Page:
What will be your Signature Summer Cocktail?

    As the warm weather deepens and the threat of late-season icy blasts goes away, more and more people are enjoying the outdoors, and hand-in-hand with enjoying the sunny weather comes the craving for interesting cold drinks to enjoy it with. Restaurant supply stores carry all the hardware needed to craft beautiful, intriguing cocktails, but just as important as the tools to make drinks are the ingredients you make them with. With that in mind, there are some great sources of inspiration not only in curated lists but also in just the fruits and vegetables available in the season. By taking a new look at a few different alcohols and the way they can combine with the best flavors of the season, you can create cocktails that will encourage people to keep sipping.

    The first thing to look at when considering summer cocktails is the base liquors best suited to the season. Consider focusing on those liquors that were developed in warmer climates, like Southern Italian limoncello or India-inspired gin. Bright, crisp flavors pair well with summery fruits like citrus--take for example this recipe for a modified Tom Collins, which pairs limoncello with lemon and gin to create a sweet, sharp drink that will cool even the most heated heads.

    Frozen drinks are also a traditional summer favorite, but there is something to be said for incorporating unusual ingredients into them. While cucumbers have long been a favorite for drinks like the Pimm’s Cup, they also can make for a satisfying texture and not-too-sweet flavor for daiquiris, as in this recipe for a cucumber daiquiri. Another option to consider is an avocado margarita; the avocado adds a creaminess to the sour lime, sharp tequila, and salt of the mainstay beverage, and of course there are few things that play better with avocado than lime. You can also go in the direction of using unusual liquor combinations to craft frozen drinks--gin and tonic comes together beautifully in a blender to create a beverage that’s even more cooling than the original, and the classic negroni becomes something even more interesting when it’s frozen as opposed to on the rocks.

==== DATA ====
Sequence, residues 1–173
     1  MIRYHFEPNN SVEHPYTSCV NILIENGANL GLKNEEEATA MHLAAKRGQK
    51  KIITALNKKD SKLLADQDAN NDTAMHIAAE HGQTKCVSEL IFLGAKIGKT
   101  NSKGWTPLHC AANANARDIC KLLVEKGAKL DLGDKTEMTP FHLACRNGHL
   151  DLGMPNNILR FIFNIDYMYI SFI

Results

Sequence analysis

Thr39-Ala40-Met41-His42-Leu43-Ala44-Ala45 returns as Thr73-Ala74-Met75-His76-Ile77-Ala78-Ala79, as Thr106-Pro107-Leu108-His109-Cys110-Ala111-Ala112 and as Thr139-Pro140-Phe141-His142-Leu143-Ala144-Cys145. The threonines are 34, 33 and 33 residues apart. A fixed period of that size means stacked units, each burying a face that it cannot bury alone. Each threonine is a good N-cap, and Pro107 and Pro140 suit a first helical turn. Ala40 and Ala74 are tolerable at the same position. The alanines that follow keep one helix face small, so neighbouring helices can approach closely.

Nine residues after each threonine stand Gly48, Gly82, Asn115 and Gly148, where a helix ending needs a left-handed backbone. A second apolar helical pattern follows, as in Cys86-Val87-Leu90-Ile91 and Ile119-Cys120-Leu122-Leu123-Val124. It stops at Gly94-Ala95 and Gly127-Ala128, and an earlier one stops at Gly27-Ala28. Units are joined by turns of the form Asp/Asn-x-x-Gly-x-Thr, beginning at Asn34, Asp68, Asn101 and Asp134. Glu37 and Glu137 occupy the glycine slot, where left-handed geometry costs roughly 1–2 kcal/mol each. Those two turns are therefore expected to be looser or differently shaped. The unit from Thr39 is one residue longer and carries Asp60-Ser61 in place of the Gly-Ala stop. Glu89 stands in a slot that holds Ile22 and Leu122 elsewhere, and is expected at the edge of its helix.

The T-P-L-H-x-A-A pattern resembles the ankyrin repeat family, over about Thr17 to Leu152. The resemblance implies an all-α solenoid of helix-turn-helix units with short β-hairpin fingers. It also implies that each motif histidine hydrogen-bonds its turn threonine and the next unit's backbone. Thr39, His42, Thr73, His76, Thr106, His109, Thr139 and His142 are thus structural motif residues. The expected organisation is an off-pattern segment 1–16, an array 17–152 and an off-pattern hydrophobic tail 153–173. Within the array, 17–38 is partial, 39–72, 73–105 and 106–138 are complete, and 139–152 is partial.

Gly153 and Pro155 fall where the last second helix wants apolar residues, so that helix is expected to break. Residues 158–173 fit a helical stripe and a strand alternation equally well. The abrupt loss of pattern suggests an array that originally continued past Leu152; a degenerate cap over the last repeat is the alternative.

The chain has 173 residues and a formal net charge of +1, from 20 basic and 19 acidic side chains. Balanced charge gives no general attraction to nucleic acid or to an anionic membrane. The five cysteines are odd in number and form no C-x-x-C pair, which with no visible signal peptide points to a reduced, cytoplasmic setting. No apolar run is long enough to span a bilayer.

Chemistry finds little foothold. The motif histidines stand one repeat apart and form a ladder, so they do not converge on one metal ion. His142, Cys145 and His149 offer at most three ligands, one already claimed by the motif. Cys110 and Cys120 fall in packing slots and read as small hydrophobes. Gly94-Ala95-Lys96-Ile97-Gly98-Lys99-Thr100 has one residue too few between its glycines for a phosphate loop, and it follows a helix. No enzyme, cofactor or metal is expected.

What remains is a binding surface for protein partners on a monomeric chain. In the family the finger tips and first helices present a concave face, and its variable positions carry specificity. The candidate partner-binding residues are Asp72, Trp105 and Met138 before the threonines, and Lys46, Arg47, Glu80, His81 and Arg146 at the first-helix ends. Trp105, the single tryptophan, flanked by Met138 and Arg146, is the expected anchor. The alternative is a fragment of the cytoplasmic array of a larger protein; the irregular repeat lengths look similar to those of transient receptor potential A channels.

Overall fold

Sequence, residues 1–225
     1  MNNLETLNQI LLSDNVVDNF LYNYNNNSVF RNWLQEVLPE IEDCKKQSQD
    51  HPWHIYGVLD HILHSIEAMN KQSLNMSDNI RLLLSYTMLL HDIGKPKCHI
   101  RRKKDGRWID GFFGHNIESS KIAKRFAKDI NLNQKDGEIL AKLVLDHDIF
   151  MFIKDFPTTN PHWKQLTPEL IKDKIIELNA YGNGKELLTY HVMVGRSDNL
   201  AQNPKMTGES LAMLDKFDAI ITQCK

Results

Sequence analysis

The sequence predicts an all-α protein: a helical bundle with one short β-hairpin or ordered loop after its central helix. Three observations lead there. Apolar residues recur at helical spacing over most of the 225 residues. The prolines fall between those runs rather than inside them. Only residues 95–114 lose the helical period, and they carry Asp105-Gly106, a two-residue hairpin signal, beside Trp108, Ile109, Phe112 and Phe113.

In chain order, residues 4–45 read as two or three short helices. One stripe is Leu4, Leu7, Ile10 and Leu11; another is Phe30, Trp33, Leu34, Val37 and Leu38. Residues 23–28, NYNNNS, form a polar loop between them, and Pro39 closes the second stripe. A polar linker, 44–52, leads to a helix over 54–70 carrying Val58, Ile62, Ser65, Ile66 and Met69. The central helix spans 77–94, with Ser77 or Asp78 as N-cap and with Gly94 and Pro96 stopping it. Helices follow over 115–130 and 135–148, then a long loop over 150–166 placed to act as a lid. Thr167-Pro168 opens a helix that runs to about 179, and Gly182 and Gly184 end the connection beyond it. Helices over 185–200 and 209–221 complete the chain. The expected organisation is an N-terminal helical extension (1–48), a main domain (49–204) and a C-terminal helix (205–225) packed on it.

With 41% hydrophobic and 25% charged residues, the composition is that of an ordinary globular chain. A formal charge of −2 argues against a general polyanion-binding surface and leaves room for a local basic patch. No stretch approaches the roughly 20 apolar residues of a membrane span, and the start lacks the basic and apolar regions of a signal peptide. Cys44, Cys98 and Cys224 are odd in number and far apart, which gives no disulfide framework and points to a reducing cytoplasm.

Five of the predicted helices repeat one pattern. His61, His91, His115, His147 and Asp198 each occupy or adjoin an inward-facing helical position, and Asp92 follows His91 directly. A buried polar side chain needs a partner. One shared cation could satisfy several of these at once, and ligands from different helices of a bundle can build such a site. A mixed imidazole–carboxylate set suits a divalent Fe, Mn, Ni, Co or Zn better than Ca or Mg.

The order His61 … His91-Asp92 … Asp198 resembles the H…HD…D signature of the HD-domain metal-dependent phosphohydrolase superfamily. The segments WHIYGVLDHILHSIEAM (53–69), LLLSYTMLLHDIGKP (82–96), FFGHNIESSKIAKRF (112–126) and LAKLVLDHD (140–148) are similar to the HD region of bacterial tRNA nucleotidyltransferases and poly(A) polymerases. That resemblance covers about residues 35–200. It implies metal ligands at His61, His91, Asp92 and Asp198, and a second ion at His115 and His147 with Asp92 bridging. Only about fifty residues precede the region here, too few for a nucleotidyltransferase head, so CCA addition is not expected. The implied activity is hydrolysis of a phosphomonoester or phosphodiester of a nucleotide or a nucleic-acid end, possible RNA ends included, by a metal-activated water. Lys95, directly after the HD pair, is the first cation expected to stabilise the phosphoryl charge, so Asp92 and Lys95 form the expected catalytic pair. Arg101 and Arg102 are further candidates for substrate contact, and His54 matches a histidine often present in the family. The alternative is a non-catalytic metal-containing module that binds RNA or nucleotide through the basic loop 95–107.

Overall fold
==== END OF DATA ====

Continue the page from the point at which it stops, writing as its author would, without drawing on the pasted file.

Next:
Of course, another mainstay of summer drinking is wine--particularly white or blush wine. But it doesn’t have to be boring. In addition to sangria, made with summer fruits like peaches or strawberries, you can look into wine cocktails like this white wine paloma, which uses sauvignon blanc in place of tequila to make a refreshing drink that isn’t quite as potent as the original--but which is every bit as flavorful. For something a little harder, think about combining the best of the margarita with the best of sangria, as in this recipe for the “sangrita”.

    Another trick for sprucing up summer cocktails is to incorporate different flavors through flavored syrups or other accessory ingredients; thyme-infused simple syrup can elevate a classic Collins to the next level, while pepper-infused simple syrup can add a sharp, spicy counterpoint to a rocks margarita. The flavor combinations are almost endless--especially if you make your own syrups for flavoring your drinks.

    Of course, not everyone will want something alcoholic to drink; non-alcoholic beverages can also be exciting in the summer. Mexican agua fresca offers a wealth of possibilities to play with simply by changing up the fruit you use to make the simplified punch: while watermelon is a traditional flavor, cantaloupe is delightful too, and strawberry is a long-time favorite. You can also use your flavored syrups to add interest to lemonade--lavender syrup makes for a particularly delicious and relaxing drink. Non-alcoholic punches don’t have to be boring and overly sweet; you can switch out traditional ginger ale for sharper, less-sweet ginger beer to change up the syrupy taste, or use fresh cherries instead of jarred ones to make a beverage that won’t give you a toothache. Consider also incorporating aromatic bitters--just a dash--into your punches; while they do contain alcohol in most cases, the amount you add is minimal, on par with what you’d add of vanilla extract to cooked items.

    Whatever your tastes, there are ways to bring the summer into any cocktail hour that you want--and with a few good recipes, along with some solid restaurant supplies, you can make delicious and intriguing drinks all summer long.